Okay, let’s see if I can’t quickly break down debate two.
Well, it’s clear the Obamanation himself showed up to play this time. No grimacing and glancing down this time. He knew he needed to come out and be energetic, and he did it. But Mitt Romney didn’t exactly roll over and play dead. He gave as good as he got — better, even, in many cases.
I think we can safely call this debate a tie. I didn’t see any knockout punches; I didn’t see any huge difference between the two candidate’s performances — as I did in the first. I did, however, see a moderator who interrupted Romney 28 times and Obama 8 times, who gave Obama 9% more speaking time, and who, instead of being an impartial moderator, acted more like a football referee at one point, throwing a yellow flag on Romney’s statement about Obama’s denial of Benghazi as a terrorist attack in his Rose Garden speech.
It’s just too bad that Romney didn’t have a red challenge flag, because it turned out he was right. Although “Candy” (if there ever was a more misleading name in the universe, I have not seen it) Crowley backed up President Obama’s assertion that he had called the attack on the Libyan consulate an act of terror in that speech, she was completely wrong. She has even admitted it, although not for the right reason. What happened in that speech? Obama glossed over the attack on Benghazi in that speech, and went on to say, later in the speech, as he moved on to speaking in a broad sense, the vanilla phrase: “No acts of terror will ever shake the resolve of this great nation.”
Ah. Really? So if I go out tomorrow and make a speech and mention a leader in some country, gloss past him, and then later say, “Of course, the United States will never let another crazed leader like Josef Stalin to rise to power!” — I was calling that earlier leader Stalin? Really? Okay, I’ll keep that in mind — President Obama. Of course, America would never elect a leader as horrible as Hugo Chavez…
Anyway, back to the debate. The point about Crowley’s incorrect Libya “intervention”: It threw Mitt Romney off-step and disrupted what could have been an powerful chance to really nail The Obamanation in what is quite clearly a coverup (of debatable proportions) on the Libya front. Period. End paragraph.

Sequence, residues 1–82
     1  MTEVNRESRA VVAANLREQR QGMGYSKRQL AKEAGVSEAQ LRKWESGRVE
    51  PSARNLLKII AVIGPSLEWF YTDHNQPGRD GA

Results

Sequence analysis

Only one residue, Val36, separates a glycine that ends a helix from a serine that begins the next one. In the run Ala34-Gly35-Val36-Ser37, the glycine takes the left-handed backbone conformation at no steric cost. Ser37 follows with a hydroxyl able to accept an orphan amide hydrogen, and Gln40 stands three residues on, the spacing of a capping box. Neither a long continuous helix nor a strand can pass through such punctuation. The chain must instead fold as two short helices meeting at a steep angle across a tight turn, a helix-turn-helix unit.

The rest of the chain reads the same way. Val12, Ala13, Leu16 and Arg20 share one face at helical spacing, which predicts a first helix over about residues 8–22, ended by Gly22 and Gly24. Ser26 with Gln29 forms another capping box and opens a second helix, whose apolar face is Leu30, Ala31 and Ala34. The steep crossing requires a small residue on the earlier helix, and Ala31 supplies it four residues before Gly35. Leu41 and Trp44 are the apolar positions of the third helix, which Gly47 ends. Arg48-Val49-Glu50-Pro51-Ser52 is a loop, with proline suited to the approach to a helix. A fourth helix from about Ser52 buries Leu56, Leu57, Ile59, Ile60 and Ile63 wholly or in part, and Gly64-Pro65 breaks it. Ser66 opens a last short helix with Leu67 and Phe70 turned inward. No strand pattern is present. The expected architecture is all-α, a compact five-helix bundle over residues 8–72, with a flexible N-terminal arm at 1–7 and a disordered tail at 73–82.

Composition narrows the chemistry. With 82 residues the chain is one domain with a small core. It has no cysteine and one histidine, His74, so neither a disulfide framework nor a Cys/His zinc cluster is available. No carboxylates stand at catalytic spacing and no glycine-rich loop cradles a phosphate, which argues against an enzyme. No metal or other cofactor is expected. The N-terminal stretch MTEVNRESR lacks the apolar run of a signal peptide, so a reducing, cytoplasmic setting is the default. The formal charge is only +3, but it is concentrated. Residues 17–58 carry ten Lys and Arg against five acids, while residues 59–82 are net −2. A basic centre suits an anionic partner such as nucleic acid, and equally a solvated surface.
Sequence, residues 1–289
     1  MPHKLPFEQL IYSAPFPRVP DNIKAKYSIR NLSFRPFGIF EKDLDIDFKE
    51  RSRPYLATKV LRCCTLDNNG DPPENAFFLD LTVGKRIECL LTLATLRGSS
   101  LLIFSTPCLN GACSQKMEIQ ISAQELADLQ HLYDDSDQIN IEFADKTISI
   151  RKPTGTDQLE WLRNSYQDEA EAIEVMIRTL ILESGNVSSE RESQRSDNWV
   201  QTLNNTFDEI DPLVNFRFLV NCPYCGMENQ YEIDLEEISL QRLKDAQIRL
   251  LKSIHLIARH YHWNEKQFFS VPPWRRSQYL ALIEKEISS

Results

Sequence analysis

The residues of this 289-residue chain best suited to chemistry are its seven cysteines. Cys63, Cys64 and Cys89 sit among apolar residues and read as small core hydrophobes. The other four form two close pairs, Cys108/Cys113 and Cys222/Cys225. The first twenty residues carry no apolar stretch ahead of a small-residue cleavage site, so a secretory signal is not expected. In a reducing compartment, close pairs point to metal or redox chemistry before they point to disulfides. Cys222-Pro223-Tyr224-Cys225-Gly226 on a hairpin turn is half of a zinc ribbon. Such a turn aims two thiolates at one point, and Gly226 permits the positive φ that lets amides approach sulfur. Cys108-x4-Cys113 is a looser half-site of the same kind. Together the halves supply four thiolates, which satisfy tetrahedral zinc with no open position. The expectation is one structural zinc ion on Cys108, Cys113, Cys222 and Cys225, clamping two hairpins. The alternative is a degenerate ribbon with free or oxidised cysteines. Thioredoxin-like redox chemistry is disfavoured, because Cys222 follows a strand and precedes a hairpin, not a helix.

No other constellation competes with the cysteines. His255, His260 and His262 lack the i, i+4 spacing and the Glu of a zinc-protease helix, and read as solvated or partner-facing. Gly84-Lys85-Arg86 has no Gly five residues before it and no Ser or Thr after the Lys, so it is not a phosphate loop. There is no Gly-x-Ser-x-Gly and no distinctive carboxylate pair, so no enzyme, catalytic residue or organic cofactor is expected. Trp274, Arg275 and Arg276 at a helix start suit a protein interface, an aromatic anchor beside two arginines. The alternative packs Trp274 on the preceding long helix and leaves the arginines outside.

But let’s move away from that. What did Mitt Romney do to face down the “new” Obama? Nothing new. He continued to show up, be reasonable, look Presidential, and make his case. Which is where I’m going to come in and call the debate. The debate was basically a tie, as I said, but that means it was a win for Romney. Why? Because Romney continues to get a chance to appear to the American people without the filter of the media and without the almost equally distorting lens of the Obama campaign. Again. And my bet is by doing that, he’s going to win over some more undecideds.
In fact, to the consternation of MSNBC, their very own focus group of undecided voters had Romney winning the debate by one vote. Fox had a strong Romney win with their undecided voters. CNN mimicked MSNBC; their undecideds broke for Romney by 1 vote. So we’ll see what happens in the polls, but while I say the debate was a tie, I say a tie means: advantage Romney.
Ah, well, now I’m tired, and all politcked out, and I’ve said my piece. We’ll see what happens in the last debate; we’ll see if Bob Schaeffer can keep himself from becoming the story — as “Candy” (it’s not short for anything, either, what the hell?) Crowley couldn’t.